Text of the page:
Policy Recommendation

Fund Drinking Water Infrastructure to Reduce COVID-19 Disparities

Policy field

Connect with the author

University of Michigan-Ann Arbor

This memo is part of Beyond Flattening the Curve, a series of policy recommendations for the COVID-19 crisis.

The COVID-19 outbreak has taken on some distressing patterns: African American communities are being infected and dying at a disproportionately high rate; hotspots of infections are emerging in some of the country’s older cities including Detroit, New York City, and New Orleans; governors in the Midwest and California have had to issue moratoriums on water service shutoffs to ensure people have access to running water. Underpinning these patterns is a drinking water infrastructure system in the United States that is outdated, unequal, and inadequate for ensuring public health. While regular hand washing and frequent cleaning are critical to preventing the spread of COVID-19, such practices are impossible without regular, affordable access to water. The serious financial difficulties the pandemic has caused for many people, especially to communities of color, has put access to safe drinking water at greater risk. In order to safeguard access to drinking water, state and federal governments should not just temporarily halt water shutoffs but commit to investing in drinking water infrastructure for those who need it most.

My research shows that funding for drinking water infrastructure, and for supporting local water systems more generally, is key to addressing drinking water disparities and more important than tightening drinking water safety regulations. Federal financing for drinking water infrastructure is inadequate, which is forcing water utilities to increasingly rely on water rates and municipal bonds for needed infrastructure upgrades. Raising money through these avenues can be politically challenging, and particularly difficult for small or already debt-burdened communities. The result is often persistent underinvestment in needed drinking water infrastructure, and water rates that are increasingly unaffordable for city residents. This critical need for federal funding has been recognized by the 80 members of Congress who signed a letter April 7 requesting that funding be provided to help cover water bills and the costs associated with restoring water services to households that had had their water turned off.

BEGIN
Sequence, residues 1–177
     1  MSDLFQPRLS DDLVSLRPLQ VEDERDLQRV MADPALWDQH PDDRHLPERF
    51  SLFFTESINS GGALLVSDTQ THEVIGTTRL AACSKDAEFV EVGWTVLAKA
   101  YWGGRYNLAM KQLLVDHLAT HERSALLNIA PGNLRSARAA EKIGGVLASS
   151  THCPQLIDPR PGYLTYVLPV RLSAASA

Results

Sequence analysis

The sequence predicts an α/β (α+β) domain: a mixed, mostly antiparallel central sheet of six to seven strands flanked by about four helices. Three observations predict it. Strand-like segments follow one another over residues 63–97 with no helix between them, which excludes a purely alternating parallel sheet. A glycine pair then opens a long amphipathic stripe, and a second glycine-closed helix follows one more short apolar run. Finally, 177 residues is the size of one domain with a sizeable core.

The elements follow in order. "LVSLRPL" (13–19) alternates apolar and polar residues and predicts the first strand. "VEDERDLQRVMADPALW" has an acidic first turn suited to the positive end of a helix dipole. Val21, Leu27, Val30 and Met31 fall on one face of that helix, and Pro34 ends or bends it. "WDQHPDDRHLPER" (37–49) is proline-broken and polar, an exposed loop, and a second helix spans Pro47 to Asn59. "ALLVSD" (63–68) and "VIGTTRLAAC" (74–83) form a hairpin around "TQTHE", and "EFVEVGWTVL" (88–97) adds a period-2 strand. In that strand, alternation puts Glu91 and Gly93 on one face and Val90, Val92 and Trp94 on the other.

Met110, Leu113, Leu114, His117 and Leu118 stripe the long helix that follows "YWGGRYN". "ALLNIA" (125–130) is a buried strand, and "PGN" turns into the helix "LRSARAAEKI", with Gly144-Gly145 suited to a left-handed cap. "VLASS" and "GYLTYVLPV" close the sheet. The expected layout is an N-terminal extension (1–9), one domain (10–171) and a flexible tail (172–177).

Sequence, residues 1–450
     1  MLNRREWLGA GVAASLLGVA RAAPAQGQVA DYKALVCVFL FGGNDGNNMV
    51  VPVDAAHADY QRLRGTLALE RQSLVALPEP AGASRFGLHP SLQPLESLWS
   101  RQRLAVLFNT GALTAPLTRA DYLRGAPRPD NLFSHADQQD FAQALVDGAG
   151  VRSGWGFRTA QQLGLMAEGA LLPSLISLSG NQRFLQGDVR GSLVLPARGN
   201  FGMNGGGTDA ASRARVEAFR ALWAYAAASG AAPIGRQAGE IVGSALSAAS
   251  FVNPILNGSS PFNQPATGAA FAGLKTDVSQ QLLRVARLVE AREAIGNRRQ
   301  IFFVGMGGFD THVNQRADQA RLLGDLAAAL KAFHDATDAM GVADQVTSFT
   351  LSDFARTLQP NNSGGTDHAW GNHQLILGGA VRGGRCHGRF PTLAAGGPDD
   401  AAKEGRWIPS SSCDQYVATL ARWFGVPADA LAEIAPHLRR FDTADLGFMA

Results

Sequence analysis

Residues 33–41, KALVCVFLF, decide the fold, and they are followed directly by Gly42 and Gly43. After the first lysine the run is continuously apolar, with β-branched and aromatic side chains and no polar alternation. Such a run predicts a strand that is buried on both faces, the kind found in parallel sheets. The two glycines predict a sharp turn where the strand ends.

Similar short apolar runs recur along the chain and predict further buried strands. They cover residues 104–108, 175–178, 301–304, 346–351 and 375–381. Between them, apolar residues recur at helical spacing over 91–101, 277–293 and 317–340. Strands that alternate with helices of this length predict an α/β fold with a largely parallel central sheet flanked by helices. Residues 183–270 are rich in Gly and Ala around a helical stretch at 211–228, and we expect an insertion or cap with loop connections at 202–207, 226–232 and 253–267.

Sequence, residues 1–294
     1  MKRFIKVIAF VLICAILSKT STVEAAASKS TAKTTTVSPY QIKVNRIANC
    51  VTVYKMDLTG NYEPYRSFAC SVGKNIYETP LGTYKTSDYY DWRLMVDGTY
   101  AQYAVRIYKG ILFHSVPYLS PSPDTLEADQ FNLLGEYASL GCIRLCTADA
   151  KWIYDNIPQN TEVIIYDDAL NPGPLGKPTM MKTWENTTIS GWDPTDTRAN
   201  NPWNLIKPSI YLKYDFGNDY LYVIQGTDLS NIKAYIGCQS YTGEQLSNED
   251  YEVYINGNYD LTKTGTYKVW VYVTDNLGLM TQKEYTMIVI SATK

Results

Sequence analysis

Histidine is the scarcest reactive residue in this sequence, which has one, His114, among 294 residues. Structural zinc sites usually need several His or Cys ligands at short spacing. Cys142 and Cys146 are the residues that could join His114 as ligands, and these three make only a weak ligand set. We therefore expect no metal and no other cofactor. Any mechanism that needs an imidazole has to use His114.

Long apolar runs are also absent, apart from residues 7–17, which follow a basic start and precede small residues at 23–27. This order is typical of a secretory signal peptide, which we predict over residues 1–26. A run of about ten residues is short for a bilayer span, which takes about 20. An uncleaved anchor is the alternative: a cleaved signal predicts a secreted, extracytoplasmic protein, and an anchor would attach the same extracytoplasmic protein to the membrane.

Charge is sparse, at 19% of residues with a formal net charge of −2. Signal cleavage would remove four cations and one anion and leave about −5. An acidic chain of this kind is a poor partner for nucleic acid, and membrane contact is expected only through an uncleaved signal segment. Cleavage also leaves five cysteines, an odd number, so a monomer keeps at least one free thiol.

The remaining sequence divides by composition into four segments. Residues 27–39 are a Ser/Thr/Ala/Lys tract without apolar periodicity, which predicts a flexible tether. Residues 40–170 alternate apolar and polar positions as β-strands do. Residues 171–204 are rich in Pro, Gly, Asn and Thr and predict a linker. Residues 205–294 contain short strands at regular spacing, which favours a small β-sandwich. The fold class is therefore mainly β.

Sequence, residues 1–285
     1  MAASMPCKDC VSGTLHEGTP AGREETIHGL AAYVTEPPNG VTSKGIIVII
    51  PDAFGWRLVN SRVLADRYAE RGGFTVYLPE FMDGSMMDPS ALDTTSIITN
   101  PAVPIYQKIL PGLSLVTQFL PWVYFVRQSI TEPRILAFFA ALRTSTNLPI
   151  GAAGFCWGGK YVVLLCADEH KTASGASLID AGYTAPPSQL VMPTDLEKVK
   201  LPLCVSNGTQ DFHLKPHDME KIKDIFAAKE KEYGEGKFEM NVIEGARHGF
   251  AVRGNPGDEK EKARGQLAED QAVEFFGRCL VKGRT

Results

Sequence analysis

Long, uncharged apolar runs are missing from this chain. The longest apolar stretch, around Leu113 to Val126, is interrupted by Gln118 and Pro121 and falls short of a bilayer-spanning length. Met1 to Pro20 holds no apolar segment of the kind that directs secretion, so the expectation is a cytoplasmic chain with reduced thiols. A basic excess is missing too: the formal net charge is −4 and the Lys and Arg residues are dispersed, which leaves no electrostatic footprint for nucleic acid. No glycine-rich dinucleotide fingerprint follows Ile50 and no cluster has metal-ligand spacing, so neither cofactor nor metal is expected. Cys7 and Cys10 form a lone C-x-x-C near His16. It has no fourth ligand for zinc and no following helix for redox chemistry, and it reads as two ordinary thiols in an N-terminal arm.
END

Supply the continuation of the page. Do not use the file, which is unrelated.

In many cases states also need to rethink their approach to municipal financial distress. State revenue sharing with local governments has steadily declined throughout the US over the last 20 years. At the same time, many states have aggressive policies for addressing municipal financial distress, and research has shown that these policies disproportionately affect minority communities. The impacts of COVID-19 are expected to exacerbate local financial challenges. To ensure equitable and safe drinking water access, state and federal governments must safeguard municipal financial stability without reducing the capacity for service delivery by providing additional funding. City governments cannot “cut” their way to financial health.

Building healthy communities starts with renewed commitment to investing in twenty-first century drinking water systems and supporting cities as they navigate systemic financial challenges.